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Publication numberUS3537393 A
Publication typeGrant
Publication dateNov 3, 1970
Filing dateAug 26, 1969
Priority dateDec 31, 1966
Also published asDE1611331B1
Publication numberUS 3537393 A, US 3537393A, US-A-3537393, US3537393 A, US3537393A
InventorsNobumitsu Hegi
Original AssigneeNippon Steel Corp
Export CitationBiBTeX, EndNote, RefMan
External Links: USPTO, USPTO Assignment, Espacenet
Starting and stopping means for single revolution rotary printer
US 3537393 A
Abstract  available in
Images(3)
Previous page
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Claims  available in
Description  (OCR text may contain errors)

United States Patent [72] Inventor Nobumitsu Hegi Kitakyushu, Japan [21] Appl. No. 853,185 [22] Filed Aug. 26, 1969 Continuation-in-part of Ser. No. 693,340, Dec. 26, 1967, abandoned. [45] Patented Nov.3,l970 [73] Assignee Nippon Steel Corporation Tokyo, Japan [32] Priority Dec. 31, 1966 [33] Japan [31] No. 41/155987 [54] STARTING AND STOPPING MEANS FOR SINGLE REVOLUTION ROTARY PRINTER 7 Claims, 6 Drawing Figs.

[52] U.S.Cl l0l/235, 192/16 [51] Int. Cl B4lf 13/24, F16d 67/02 [50] Field ofSearch 101/232, 233, 234,235, 236,237, 35, 36, 91, 239,132.5; l92/16,12,144

[56] References Cited UNITED STATES PATENTS 468,774 2/1892 Ethridge 101/236 2,039,566 5/1936 Swanson 101/235 Primary ExaminerWil1iam B. Penn AttorneyWenderoth, Lind and Ponack ABSTRACT: A running printer. The printer has a frame with a rotary shaft freely rotatably mounted on said frame. A printing drum is freely rotatably mounted on said shaft and has a clutch drum integral with one end of said drum and a brake drum integral with the other end of said drum. A clutch is en- 5 gageable with said clutch drum and a brake is engageable with 5 said brake drum. A signal means is provided for producing signals for startup and stopping in response to the feeding ofa sheet to be printed Clutch and brake actuating means is coupled to said clutch and brake, respectively, and is supplied with signals from said signal means Means is operatively associated with said drum for feeding and guiding a sheet over said drum and drive means is coupled to said clutch and to E said feed and guide means.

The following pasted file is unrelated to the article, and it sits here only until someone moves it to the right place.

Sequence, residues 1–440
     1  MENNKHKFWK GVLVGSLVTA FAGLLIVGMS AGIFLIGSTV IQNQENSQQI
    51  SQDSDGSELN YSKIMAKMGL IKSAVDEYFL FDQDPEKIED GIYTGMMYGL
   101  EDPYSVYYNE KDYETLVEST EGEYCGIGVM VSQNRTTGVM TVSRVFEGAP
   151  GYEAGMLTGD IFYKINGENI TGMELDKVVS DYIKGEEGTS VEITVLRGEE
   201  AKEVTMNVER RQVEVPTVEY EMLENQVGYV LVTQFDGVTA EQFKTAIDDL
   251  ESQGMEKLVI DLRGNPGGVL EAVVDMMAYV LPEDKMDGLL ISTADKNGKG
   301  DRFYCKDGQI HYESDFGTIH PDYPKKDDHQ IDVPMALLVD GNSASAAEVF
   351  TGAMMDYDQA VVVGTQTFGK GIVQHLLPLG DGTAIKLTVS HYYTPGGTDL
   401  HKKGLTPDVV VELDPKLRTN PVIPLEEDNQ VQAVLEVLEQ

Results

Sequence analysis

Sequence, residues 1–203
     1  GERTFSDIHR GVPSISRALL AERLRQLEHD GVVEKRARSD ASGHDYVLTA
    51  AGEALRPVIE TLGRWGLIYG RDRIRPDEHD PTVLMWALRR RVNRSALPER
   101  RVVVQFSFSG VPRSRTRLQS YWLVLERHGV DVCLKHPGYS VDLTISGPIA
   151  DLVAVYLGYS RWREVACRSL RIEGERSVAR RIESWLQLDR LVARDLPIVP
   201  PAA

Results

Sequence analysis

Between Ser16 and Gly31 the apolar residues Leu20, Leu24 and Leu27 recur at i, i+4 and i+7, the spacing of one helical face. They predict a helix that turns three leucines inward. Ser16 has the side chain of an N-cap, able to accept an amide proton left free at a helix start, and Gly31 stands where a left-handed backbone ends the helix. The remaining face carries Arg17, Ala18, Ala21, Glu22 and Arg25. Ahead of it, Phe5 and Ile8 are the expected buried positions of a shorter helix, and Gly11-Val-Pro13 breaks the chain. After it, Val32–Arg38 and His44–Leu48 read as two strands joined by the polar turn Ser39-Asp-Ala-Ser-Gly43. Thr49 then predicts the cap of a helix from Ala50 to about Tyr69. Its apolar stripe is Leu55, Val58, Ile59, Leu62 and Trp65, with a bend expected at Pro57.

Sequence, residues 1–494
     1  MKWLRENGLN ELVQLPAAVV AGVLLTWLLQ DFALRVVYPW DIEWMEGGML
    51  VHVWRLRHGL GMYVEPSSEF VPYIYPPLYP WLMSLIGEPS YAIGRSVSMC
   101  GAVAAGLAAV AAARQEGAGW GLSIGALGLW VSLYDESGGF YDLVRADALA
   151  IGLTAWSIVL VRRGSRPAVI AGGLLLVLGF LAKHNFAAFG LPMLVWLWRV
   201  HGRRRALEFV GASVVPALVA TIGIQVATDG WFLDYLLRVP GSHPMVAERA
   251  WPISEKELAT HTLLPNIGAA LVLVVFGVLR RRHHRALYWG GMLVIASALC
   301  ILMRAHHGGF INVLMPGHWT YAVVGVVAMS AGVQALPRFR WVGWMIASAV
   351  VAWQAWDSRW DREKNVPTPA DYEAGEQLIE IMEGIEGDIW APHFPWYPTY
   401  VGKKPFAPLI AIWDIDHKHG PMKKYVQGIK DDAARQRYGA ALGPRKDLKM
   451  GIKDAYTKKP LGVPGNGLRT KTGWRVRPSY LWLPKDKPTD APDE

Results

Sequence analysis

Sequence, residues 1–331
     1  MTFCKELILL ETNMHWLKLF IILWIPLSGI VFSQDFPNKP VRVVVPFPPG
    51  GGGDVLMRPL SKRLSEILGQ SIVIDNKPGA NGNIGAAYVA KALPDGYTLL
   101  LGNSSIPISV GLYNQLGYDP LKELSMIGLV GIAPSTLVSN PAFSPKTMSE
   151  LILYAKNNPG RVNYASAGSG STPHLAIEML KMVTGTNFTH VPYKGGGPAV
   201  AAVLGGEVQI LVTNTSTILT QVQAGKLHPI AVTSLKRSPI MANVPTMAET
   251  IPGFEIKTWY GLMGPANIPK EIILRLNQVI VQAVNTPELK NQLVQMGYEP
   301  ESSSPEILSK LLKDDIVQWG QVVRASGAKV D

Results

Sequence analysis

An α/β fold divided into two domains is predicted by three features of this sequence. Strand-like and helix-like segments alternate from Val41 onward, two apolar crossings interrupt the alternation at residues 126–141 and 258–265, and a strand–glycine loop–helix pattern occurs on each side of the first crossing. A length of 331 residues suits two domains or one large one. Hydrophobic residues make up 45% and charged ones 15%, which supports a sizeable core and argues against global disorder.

Pmemed Nov. 3, EQVQ I 353733 Shem 1 of a FEGO E (PRIOR ART) INVENTOR Noxsumrrsu HEQL ATTORNEYS Patented Nov. 3,1970 3,537,393

Sheet 2 of 8 IN VENTOR NOBUMLTSU HEGI ATTORNEY! Shoot INVENTOR NOBUM LISU HEGI ATTORNEYJ" STARTING AND STOPPING MEANS FOR SINGLE REVOLUTION ROTARY PRINTER This application is a continuation-impart of applicant's copending US. Pat. application Ser. No. 693,340, filed Dec. 26, I967 (abandoned).

BACKGROUND or THE INVENTION FIELD OF THE INVENTION The present invention, relates in general to a running printer, and more particularly a running printer for printing such indications as trademarks or specifications accurately position-wise and efficiently 'onsheets which are fed thereto at a high speed.

DESCRIPTION OF THE PRIOR ART Printing of such indications as trademarks or specifications on sheets for application to final products or on similar materials, which sheets or materials are fed at a high speed, has been carried out mostly manually and by eye-measurement. Such methods, however, require a lot of labor, resulting in high operating costs. A solution to this problem was sought and initially embodied in a running printer of the rotary type, which, however, has not achieved general popularity, mainly because, when carried out continuously at a high rotation speed of the drum the operation tends to produce more prints than intended and the commercial value of the printed object is low. Another attempt at overcoming such difficulties is an automatic running printer for producing prints automatically and which has the sheets in predetermined positions, for example, a printer according to Japanese Pat. No. 295,147. However, even the printer of this type which uses a printing drum moving up and down with a lever is not'free from such problems as limited operations speed and slippage of prints, so that a printer of this type is not fit for high speed printing.

SUMMARY OF THE INVENTION The present invention has been developed in order to solve the problems inherent in the above printers of conventional type. A contact type printer according to the present invention comprises a rotating shaft freely rotatably mounted on a frame, a printing drum freely rotatably mounted on said shaft with a clutch drum and a brake drum set on opposite ends of said drum and integral with said drum, a clutch and abrake operably associated, respectively, with said clutch drum and brake drum, a selective signal means for'issuing signals selectively for startup or stoppage of said drum by actuation of said clutch and brake according to the feeding of the to be printed sheet, and a means for guiding said sheet.

An object of the present invention is to provide a high-speed running contact printer capable of operating at high speed.

Another object of the present invention is to provide a running printer capable of operating at high speed and with few troubles through a reduction to the minimum of mechanical impacts on the transmitting-stopping structure.

Another object of the present invention is to provide a running printer capable of producing prints accurately position-wise on sheets.

BRIEF DESCRIPTION OF THEDRAWINGS The above objects will be more clearly understood when considered together with the accompanying drawings, in which:

FIG. 1 is a schematic elevation view of a conventional prior art type automatic running printer;

FIG. 2 is a side view of an embodiment of the printer according to'the present invention shown partly in cross section on line IIII of FIG. 3; I

FIG. 3 is a transverse cross section of the printer shown in FIG. 2 with the brake applied and in a nonprinting condition;

FIG. 4 is a transverse cross section similar to FIG. 3, with the printer shown in the clutched printing condition; and

III

DESCRIPTION OF THE PREFERRED EMBODIMENT In order to facilitate an understanding of the present invention, the conventional automatic running printer according to Japanese Pat. No. 295,147 is described, using FIG. I, as follows: